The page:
Teenagers are often attracted to bodybuilding. That's not surprising: pubescence is the age when good looks and physical attraction become hugely important for almost every young man.
I started with resistance training in my school gym when I was 14. That was unfortunately a long time ago but I remember well all the mistakes I made and all the injuries I (and my friends) brought upon myself.
I also remember how concerned my parents were – they were sure I'm going to get seriously overtrained, especially considering that I combined heavy resistance training with Karate and long-distance running.
In my case they were probably right although I didn't experience the “real” signs of overtraining which can be quite serious.
Parents, teachers and even coaches often caution teens against lifting heavy weights citing growth arrest as the main possible side-effect.
So let's check the scientific sources and let's see if such fears are legitimate or not. But first, let me explain the mechanism of growth in humans and how can physical exercise influence it.
Epiphyseal plate – the key to bone growth
Long bones in children are quite different in their structure from the long bones in adults. The adult bone has two main parts: diaphysis (the long midsection of the bone) and epiphysis (the rounded end on both sides of the long bone).
In growing children and teenagers, there is a third part between epiphysis and diaphysis called epiphyseal plate. Also called physis or growth plate, epiphyseal plate is a cartilage constantly producing new cells called chondrocytes which later ossify – meaning they become part of the long bone.
The growth plates ossify completely after reaching maturity (which is quite individual, usually between 19 and 21 years of age). Complete ossification means that the cartilage becomes part of the bone and only a thin line remains at the border of growth plate and epiphysis, called epiphyseal line.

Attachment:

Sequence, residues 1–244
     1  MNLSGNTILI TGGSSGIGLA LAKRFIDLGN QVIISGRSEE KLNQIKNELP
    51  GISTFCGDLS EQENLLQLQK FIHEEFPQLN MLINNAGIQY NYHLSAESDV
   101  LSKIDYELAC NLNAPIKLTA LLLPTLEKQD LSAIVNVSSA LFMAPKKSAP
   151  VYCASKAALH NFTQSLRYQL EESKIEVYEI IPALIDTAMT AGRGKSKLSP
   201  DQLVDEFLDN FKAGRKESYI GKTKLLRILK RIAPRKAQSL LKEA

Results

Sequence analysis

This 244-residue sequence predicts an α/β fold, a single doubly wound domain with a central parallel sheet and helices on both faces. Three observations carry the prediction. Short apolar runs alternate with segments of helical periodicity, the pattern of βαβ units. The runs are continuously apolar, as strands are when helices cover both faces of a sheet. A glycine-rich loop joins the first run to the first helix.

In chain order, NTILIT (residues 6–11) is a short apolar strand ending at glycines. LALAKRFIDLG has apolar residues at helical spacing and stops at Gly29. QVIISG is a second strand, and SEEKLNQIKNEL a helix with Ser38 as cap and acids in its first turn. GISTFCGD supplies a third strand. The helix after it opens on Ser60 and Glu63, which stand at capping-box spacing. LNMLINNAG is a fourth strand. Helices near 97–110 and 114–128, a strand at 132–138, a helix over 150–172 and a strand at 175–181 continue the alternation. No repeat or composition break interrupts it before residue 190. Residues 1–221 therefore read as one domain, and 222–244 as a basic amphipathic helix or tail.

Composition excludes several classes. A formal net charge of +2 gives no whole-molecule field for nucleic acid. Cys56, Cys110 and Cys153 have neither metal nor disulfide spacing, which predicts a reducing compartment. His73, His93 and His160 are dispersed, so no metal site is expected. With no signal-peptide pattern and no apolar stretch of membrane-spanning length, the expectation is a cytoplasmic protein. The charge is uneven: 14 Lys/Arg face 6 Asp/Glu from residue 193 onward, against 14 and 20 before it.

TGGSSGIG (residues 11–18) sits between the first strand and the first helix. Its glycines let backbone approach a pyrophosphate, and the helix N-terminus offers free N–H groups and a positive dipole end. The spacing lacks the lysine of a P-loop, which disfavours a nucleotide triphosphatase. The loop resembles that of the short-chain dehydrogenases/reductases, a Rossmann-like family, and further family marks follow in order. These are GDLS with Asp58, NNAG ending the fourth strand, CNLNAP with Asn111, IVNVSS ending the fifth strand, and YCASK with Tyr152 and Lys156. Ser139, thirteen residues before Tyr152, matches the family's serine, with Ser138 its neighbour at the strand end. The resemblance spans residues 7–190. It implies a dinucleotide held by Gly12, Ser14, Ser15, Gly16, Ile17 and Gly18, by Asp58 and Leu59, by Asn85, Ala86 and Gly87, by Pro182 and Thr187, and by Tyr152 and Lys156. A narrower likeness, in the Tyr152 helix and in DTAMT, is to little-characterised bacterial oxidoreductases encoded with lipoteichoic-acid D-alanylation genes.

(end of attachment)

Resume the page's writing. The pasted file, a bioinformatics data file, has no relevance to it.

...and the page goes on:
Epiphyseal plate injury
Now you know what is epiphyseal plate (or growth plate) and how important it is for the bone growth in childhood and adolescence.
But what happens if it gets injured – broken, crushed, displaced – and what will happen to the affected bone?
The possibility of epiphyseal plate injury is exactly the reason why some doctors discouraged heavy exercise in children and teenagers. So forget the “more energy/nutrition going to exercise and less for the growth” nonsense. The only reason why scientists, medical professionals and coaches were cautioning young people against resistance training was the perceived risk of damaging the growth plates.
Epiphyseal plates can really get damaged in training-related accidents. Such accidents are not common but they definitely do exist. Of course, every accident causing broken bone can also cause growth plate injury. From this perspective, skiing or climbing trees are just as dangerous activities as weight lifting.
Some 85% of growth plate injuries will heal with no lasting effects. The remaining 15% will cause deformities in the affected bone: it will either stop growing or it will grow incorrectly and get more-or-less crooked.
In other words, person with growth plate injury can end up with one leg or arm shorter than the other.
It is important to notice that some epiphyseal plates are responsible for much more growth than others. The most active ones are those near the knee. Therefore, serious injuries in the knee area must be avoided at all costs during childhood and pubescence.
The Faigenbaum position statement and other studies
Probably the most complete and most serious modern work on teen bodybuilding is the “Youth resistance training: position statement paper and literature review” by A.D. Faigenbaum and 10 other authors, all of them leading medical authorities. The paper has been written in 1996 and updated in 2009.
Authors are specifically touching the topic of possible growth problems in young people involved in heavy resistance training.
The paper says that “a few retrospective case reports have noted epiphyseal plate fractures during adolescence, however, most of these injuries were due to:
1. improper lifting techniques
2. maximal lifts
3. lack of qualified adult supervision”
(Numbering added by musqle.com).
The paper says clearly and repeatedly that well designed and properly supervised resistance training is beneficial and safe for children and youth.
It also explains that epiphyseal plates are actually stronger in younger children than in teenagers.
Another important study, “Canadian Society for Exercise Physiology position paper: resistance training in children and adolescents” confirms the positive effects of resistance exercises and states in its opening that “Many position stands and review papers have refuted the myths associated with resistance training in children and adolescents. With proper training methods, RT for children and adolescents can be relatively safe and improve overall heath”.